African negotiators walked out temporarily on Monday, accusing rich nations of ignoring their minimum demands at the Climate change talks in Copenhagen.
The moves came following fears that rich nations are planning to sabotage the process by abandoning the Kyoto protocol which binds them to certain levels of gas emissions.
The African countries feared that the developed countries are trying to kill Kyoto and pursue another non-binding agreement.
The African group move is backed by the leading negotiation group of 130 developing nations (G77+China).
Algerian environment minister Djemouai Kamel, the African negotiators’ group chairman, said on Monday there was no reason for African leaders to attend the summit while their demands were ignored.
Africa wants the Kyoto protocol, the only available legally binding agreement adopted in 1997 in Japan, retained.
“African group would not be tolerating the killing of Kyoto protocol with out having any new deal,” Mr Kamel said.
The Kyoto protocol was adopted on December 11, 1997 in Kyoto, Japan, and came into force on February 16, 2005. As at November, 187 states had ratified the protocol.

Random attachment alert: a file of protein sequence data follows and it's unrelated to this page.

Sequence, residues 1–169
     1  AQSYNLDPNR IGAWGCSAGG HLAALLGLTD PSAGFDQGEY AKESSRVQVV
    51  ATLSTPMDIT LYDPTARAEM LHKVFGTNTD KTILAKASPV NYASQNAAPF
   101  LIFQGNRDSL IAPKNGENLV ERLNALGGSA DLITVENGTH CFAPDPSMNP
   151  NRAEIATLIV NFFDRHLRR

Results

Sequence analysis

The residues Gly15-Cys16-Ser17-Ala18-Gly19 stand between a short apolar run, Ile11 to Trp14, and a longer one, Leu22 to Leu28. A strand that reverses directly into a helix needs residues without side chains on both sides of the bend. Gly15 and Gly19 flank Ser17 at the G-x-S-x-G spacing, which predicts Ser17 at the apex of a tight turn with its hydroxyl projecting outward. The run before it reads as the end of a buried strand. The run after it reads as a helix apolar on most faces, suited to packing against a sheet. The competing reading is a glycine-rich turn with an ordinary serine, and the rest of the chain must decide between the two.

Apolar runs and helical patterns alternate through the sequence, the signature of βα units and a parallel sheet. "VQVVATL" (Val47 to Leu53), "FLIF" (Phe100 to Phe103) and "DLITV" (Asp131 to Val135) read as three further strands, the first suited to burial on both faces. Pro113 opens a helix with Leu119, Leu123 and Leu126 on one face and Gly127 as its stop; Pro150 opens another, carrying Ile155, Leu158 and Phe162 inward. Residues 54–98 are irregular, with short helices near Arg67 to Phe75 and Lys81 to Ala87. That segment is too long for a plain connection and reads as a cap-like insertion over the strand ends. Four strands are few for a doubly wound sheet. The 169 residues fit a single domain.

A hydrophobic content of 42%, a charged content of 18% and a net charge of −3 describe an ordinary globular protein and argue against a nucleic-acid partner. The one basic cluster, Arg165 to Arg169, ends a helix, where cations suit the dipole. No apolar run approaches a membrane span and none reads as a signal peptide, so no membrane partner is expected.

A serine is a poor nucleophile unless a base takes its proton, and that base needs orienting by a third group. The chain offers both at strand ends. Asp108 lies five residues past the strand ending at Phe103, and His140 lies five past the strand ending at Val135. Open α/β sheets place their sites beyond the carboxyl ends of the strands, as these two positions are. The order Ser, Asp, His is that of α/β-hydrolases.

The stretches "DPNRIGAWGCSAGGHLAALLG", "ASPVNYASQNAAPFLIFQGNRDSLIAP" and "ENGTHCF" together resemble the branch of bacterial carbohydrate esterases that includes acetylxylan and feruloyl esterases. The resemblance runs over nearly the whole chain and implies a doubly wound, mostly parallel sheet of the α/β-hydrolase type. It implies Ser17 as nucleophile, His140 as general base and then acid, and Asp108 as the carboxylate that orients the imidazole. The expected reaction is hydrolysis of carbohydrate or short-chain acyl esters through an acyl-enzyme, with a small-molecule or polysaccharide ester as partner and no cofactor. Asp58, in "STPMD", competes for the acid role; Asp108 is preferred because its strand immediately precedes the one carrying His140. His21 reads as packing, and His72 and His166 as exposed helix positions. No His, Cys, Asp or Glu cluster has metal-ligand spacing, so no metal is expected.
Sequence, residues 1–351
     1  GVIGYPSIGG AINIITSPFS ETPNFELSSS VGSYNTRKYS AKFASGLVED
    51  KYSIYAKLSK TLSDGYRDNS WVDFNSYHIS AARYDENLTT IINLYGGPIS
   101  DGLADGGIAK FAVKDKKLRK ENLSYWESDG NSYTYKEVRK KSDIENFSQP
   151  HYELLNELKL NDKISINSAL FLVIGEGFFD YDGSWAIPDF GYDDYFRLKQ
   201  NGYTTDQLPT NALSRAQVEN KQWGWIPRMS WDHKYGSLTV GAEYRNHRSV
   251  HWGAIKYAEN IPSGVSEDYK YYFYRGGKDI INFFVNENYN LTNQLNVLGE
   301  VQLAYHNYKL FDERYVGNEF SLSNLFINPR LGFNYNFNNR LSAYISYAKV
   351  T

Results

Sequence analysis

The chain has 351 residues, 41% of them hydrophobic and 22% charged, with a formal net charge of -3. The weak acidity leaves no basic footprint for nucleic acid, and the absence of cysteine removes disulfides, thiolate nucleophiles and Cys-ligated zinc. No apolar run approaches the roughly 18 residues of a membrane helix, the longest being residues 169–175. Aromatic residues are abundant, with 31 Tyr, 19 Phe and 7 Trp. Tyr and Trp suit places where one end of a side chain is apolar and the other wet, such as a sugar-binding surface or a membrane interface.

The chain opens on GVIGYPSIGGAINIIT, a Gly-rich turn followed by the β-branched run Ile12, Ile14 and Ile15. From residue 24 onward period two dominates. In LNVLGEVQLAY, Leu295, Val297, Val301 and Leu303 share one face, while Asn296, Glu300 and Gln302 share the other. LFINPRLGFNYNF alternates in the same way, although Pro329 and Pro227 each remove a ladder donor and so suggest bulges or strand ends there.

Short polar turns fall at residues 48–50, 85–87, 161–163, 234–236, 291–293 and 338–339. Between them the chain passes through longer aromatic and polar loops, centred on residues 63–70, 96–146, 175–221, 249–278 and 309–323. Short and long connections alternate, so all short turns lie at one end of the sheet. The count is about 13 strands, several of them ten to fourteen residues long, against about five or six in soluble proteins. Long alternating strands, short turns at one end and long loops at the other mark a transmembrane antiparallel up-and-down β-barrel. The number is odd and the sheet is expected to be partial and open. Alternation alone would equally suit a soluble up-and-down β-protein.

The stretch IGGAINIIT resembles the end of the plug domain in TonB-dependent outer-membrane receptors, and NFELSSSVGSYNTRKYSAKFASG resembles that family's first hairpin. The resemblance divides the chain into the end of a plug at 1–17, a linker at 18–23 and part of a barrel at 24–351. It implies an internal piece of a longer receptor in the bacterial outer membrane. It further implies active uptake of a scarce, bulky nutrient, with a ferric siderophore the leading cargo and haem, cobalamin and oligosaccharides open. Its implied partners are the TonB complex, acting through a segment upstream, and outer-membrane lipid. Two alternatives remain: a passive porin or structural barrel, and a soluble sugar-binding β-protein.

The group refused to continue negotiations unless talks on a second commitment period to the treaty were given priority over broader discussions on a “long-term vision” for action on climate change.
The African group said the walkout was not aimed at blocking the deal but to rescue Africa.
On Monday, the group convened an informal meeting that was also attended by Environment minister John Michuki, where they declared they would not back down in their demands to have the protocol upheld.
Said Mr Michuki after the meeting: “We are not going to back down on our demands…we are going to join other like minded countries to push for our demands.”
The Kyoto protocol is an international agreement linked to the United Nations Framework Convention on Climate Change aimed at curbing global warming. Its major feature is that it sets binding targets for 37 industrialised countries and the European Community for reducing greenhouse gas emissions.
These amounts to an average of five percent against 1990 levels over the five year period 2008 to 2012.
The major distinction between the Protocol and the Convention is that while the Convention encouraged industrialised countries to stabilise GHG emissions, the Protocol commits them to do so.
Recognising that developed countries are principally responsible for the current high levels of GHG emissions in the atmosphere as a result of more than 150 years of industrial activity, the Protocol places a heavier burden on them.
Mr Kamel said: “We are completely disappointed… if we continue as we are, then we are seeing the death of Kyoto Protocol. The Bali action plan is to complete Kyoto, not to replace it.”
At the informal meeting, Dr Seth Osafo, a delegate from Ghana said those who were keen to ‘kill off’ the protocol wanted to negotiate a new ‘instrument’ that will bring on board the US.
“Some of the developed countries opposed to Kyoto have also been unable to meet the emission reduction targets that have been underlined therein,” he said.